Through passage of programs like Medicaid and the Children’s Health Insurance Program (CHIP), advocates are making it possible for families to achieve financial security without sacrificing essential health coverage.

Twelve-year-old Torian doesn’t like to sit still. His severe asthma keeps him from playing sports, so he is usually found zooming around on his hoverboard. His mother, Amber, never expected to see Torian moving so fast when he was diagnosed with asthma at age five. Torian takes four daily medications to keep his asthma at bay—the cost of which used to rival Amber’s monthly grocery bill.

But thanks to the Children’s Health Insurance Program (CHIP)—called Healthy Start in Ohio—Torian has access to quality, comprehensive health coverage. That means all Torian’s preventative care and prescriptions are covered, and Amber’s family no longer struggles each month under the massive weight of medical bills. Healthy Start has given Amber the financial freedom to go back to school to earn her degree in social work. She now has a job at a local nonprofit, and has achieved her dream of helping others in her community and providing financial security for her and her family.

Healthy Start is a critical piece of the equation when it comes to keeping Ohio’s 2.6 million children healthy. Every day, a bipartisan advocacy organization called Voices for Ohio’s Children works with policymakers on both sides of the aisle and in-state and national partners to preserve programs like CHIP for kids like Torian who need them most. CHIP helps families that earn too much to qualify for Medicaid but don’t have access to affordable coverage. CHIP, along with Medicaid, it has reduced the uninsured rate among America’s children to the lowest number in history.

Health insurance plays a critical role in making sure every kid is healthy and gets a strong start in life.

Voices for Ohio’s Children knows that children with access to health coverage are more likely to attend school and stay focused on learning, while uninsured children are five times more likely to have a delayed or unmet medical, dental, or vision need. Health insurance plays a critical role in making sure every kid is healthy and gets a strong start in life. And as Torian’s story shows, the benefits of health coverage for children extend to the classroom, enabling kids to spend more time in school and less time homesick.

Even with Ohio’s rate of uninsured children at an historic low, the work continues. More than 126,000 children in the state remain uninsured and securing coverage for these kids remains a priority for Voices for Ohio’s Children.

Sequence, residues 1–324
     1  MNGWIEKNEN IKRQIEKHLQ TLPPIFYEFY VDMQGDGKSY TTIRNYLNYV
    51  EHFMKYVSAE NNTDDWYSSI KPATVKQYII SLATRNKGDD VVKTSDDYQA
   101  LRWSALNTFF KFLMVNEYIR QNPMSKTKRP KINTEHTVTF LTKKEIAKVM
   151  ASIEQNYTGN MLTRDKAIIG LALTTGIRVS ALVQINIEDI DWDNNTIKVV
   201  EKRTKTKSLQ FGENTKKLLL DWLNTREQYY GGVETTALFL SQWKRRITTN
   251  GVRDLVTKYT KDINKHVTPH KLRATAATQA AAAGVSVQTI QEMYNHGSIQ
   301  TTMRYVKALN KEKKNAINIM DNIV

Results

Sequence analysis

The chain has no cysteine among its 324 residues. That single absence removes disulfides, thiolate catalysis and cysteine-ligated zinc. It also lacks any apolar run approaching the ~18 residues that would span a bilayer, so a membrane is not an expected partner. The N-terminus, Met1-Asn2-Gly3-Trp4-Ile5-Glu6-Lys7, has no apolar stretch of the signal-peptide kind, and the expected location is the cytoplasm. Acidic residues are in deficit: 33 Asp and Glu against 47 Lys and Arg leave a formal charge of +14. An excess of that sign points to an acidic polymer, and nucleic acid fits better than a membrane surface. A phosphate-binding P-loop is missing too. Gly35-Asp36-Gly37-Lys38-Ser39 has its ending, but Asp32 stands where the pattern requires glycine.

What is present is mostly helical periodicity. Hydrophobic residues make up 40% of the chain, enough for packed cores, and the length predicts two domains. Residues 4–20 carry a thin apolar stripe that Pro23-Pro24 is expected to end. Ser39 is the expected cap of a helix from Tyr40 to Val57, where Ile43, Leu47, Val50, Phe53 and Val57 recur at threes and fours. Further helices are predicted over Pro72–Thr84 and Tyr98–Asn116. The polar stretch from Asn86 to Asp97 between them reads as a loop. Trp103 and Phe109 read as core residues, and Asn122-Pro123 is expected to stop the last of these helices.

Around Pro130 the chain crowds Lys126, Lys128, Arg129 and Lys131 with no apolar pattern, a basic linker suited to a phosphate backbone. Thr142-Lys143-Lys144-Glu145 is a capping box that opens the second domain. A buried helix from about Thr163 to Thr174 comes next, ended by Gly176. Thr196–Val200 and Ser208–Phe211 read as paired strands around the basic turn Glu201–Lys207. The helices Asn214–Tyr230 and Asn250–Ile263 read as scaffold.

In 2015—the last time CHIP funding was up for renewal—Voices for Ohio’s Children took action by supporting nonpartisan education and open discourse to help public officials understand and embrace the benefits of health care coverage for children. Voices for Ohio’s Children shared stories of mothers in Ohio, like Amber, who were able to provide appropriate care for their children thanks to the program. The organization released reports, held press conferences, shared information on social media, and guided nonpartisan conversations with the governor of Ohio and state representatives to highlight the positive impact of CHIP. When the time came to vote on CHIP funding in Washington, legislators across the aisle voted nearly unanimously to continue the program.

“Our success with CHIP shows when you provide realistic solutions, people will support them,” says Brandi Slaughter, CEO of Voices for Ohio’s Children. “We’ve made progress on children’s health in Ohio because our organization is credible; we are authentic; we are team players.”

Together CHIP and Medicaid have made high-quality, cost-effective health care possible for millions of children.

Recent data show the national insurance rate for children is currently nearly 95 percent, the highest in history. Together CHIP and Medicaid have made high-quality, cost-effective health care possible for millions of children. Organizations are now looking ahead so they can protect and build on this foundation for good health and successful learning. By continuing this work, they hope to secure healthcare coverage for all children.